The city is built like a fortress. The area is protected by walls and trenches on land and the second largest coral reef in the sea. The coral reef makes it extremely difficult for ships to sail and land on the coast.

The ancient Mayans were deep into astronomy. They studied the sun, moon and stars so they knew the best time to plant and harvest crops. They also used astronomy to calculate women’s birth cycles. Their knowledge of astronomical paths and events inspired the architecture and layout of the buildings in the city, like the Castillo pyramid which towers over Tulum.

Tulum-Ruins-a-national-park-on-the-Caribbean-in-Mexico-by-Eric-Hunter-1400x1400, Visit the ancient Mayans at Tulum Ruins, Culture Currents
One of the last cities inhabited by the Mayan people, Tulum was an important trading hub in the 13th to 15th centuries, generating enormous wealth exporting jade, turquoise and obsidian. Now, it’s a fascinating city-museum, with well-preserved temples beside the splendor of the crashing Caribbean, the only Mayan city built on the coast. – Photo: Eric Hunter

The El Castillo Pyramid was a Mayan watchtower and living quarters for the royal circle. The city had exclusive sections for social classes of people. The soldiers, the athletes, scribes and scholars all had their own sections of the city. It seems as if it was more of a rank-and-file/division of labor kind of civilization as opposed to a class/caste system type of society.

I asked the tour guide lady if there is any documented evidence that the ancient Mayans ever had encountered the ancient Egyptians. She told me that the connection between the ancient Mayans and Egyptians is the alignment of their pyramids to several star constellations. She explained to us how the Mayans are known for their unique and complex calendar. Their calendar is really complicated, and its operation is difficult to understand.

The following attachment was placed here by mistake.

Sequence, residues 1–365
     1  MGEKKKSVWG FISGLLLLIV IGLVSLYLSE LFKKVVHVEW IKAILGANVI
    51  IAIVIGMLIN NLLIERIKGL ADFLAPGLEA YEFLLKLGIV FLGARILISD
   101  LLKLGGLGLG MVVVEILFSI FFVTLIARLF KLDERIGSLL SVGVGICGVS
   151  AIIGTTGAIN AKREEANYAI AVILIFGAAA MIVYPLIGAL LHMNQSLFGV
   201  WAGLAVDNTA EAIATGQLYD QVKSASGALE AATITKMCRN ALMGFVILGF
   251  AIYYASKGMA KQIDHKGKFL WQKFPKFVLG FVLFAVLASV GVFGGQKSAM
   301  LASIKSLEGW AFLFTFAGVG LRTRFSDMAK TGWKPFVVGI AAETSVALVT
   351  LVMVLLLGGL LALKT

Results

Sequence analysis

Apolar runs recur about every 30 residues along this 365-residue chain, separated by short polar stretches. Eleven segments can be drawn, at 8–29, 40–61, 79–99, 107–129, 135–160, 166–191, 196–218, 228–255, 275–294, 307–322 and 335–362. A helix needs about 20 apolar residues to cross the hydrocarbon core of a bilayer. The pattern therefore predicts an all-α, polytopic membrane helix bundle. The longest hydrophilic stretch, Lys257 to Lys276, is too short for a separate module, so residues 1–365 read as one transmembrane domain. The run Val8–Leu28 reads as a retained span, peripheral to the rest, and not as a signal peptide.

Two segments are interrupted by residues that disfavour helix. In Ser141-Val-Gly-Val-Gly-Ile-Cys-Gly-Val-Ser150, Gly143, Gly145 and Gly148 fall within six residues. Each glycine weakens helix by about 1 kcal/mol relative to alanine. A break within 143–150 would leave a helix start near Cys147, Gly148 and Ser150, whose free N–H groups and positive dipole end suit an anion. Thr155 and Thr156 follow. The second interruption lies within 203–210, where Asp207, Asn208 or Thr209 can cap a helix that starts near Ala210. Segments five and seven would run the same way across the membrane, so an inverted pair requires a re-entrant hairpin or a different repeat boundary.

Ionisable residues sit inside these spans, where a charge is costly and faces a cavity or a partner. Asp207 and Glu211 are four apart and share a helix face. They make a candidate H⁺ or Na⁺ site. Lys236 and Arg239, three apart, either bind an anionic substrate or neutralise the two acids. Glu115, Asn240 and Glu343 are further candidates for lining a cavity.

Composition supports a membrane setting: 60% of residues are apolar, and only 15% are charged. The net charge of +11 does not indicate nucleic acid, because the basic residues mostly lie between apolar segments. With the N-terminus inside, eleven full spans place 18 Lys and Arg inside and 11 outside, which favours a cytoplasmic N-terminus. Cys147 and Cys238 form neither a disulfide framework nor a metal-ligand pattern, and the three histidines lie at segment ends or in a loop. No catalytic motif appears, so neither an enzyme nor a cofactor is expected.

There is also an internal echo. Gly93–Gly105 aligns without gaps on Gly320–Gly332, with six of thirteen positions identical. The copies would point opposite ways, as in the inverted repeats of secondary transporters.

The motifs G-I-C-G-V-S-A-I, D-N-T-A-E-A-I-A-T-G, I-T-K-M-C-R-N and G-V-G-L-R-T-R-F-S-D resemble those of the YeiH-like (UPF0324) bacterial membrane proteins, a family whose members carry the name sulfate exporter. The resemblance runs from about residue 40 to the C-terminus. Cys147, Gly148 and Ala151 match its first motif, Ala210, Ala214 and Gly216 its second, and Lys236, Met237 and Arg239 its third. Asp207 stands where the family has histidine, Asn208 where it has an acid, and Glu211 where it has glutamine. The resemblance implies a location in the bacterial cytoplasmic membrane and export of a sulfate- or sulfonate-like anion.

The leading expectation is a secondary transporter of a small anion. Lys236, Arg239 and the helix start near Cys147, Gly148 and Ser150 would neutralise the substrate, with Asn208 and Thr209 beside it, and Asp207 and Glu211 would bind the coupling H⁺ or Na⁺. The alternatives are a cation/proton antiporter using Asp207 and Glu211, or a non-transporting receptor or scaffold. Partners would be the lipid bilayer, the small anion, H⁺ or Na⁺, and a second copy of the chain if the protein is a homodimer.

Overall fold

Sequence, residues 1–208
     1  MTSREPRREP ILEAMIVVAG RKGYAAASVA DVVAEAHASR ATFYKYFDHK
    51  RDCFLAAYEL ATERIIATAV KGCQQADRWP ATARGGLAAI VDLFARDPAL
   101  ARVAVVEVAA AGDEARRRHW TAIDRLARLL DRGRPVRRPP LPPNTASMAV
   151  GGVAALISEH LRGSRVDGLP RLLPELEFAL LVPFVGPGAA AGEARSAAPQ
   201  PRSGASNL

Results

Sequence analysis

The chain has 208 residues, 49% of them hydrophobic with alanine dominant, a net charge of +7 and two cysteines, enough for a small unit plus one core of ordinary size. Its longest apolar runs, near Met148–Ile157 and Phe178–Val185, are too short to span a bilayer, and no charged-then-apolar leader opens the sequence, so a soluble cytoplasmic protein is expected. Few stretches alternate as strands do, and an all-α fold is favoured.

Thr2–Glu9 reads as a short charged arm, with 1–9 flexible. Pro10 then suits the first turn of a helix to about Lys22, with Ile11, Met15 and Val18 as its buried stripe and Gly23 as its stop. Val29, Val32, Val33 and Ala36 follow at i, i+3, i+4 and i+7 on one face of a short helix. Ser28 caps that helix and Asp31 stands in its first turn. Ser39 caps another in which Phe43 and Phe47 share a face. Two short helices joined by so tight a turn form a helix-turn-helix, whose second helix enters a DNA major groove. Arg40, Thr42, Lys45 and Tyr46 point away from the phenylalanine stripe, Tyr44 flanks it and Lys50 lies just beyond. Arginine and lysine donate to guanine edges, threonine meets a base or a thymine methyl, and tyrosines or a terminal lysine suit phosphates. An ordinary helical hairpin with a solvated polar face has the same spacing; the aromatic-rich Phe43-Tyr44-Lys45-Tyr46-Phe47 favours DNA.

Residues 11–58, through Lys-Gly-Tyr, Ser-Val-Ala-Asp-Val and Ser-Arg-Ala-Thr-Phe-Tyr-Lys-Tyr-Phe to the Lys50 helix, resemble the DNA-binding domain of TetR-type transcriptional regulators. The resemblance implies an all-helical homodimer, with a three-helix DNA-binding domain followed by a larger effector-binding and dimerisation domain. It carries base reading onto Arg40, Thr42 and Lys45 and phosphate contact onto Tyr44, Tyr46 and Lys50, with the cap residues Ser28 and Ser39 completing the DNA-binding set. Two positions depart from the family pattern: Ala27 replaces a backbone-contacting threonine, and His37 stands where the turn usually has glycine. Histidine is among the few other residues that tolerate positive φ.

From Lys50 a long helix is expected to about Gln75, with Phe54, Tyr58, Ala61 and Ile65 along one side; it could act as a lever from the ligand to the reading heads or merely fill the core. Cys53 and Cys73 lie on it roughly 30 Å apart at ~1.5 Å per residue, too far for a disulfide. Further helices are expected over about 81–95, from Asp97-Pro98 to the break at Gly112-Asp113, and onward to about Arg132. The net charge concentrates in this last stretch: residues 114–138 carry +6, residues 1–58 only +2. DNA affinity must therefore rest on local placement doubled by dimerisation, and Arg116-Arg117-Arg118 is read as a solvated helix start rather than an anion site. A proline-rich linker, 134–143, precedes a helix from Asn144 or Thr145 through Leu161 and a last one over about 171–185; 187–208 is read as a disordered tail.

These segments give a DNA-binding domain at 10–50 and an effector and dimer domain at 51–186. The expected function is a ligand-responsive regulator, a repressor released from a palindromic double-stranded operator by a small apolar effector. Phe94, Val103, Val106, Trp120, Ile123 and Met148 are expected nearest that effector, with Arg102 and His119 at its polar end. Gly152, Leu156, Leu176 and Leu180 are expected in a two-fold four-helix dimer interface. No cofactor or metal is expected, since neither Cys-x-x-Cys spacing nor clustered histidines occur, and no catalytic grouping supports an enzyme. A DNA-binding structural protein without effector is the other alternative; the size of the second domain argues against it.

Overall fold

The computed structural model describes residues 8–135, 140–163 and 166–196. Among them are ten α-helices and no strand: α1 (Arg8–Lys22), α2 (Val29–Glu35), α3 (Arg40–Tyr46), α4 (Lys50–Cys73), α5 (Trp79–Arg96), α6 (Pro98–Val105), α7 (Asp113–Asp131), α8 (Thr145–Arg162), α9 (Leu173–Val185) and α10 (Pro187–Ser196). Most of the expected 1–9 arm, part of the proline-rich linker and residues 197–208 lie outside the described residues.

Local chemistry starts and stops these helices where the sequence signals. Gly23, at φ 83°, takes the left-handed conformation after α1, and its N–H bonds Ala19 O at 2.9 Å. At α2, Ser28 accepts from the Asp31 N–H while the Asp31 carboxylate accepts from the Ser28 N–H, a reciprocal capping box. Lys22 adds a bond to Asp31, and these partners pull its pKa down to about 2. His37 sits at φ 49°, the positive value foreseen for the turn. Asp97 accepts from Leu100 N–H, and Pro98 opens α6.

Tulum-Ruins-visited-by-journalist-Eric-Hunter-1400x1400, Visit the ancient Mayans at Tulum Ruins, Culture Currents
Journalist Eric da Ref Hunter soaks up the history, culture and beauty of Tulum Ruins.

Overall it was an amazing experience. It’s always great to learn about different cultures around the world. I grew up in Oakland, California, where there is a large population of Mexican people. California was actually Mexican territory in the early 1800s. As a descendant of African people, I can relate to the various groups of people who are victims of colonization and exploitation. However, our collective history predates colonial conquest.

African and Native American cultures share a common understanding of the sacred divinity of nature – from the earth, the sea, the sun, moon and stars. Eurocentric historians and scholars like to paint the societies of our ancient civilizations in our golden ages as “primitive,” “savage” and “backward”; but ancient empires like the Mayan empire were deeply in touch with nature, and their agricultural and architectural technology is still revered in modern times. I encourage all readers to visit this place. Learn, love and live life.

Journalist Eric Hunter (E Da Ref), an Oakland native, is Minister of Public Relations for the Black Riders Liberation Party and Co-Editor of African Intercommunal News Service. He writes for Black New World Media and the SF Bay View’s Oakland Bureau headed by JR Valrey. Hunter can be reached at 

Note Eric Hunter’s recommendation: “Please book your trip today with Slaughter Family Travel and get hooked up with the best rates. Go to”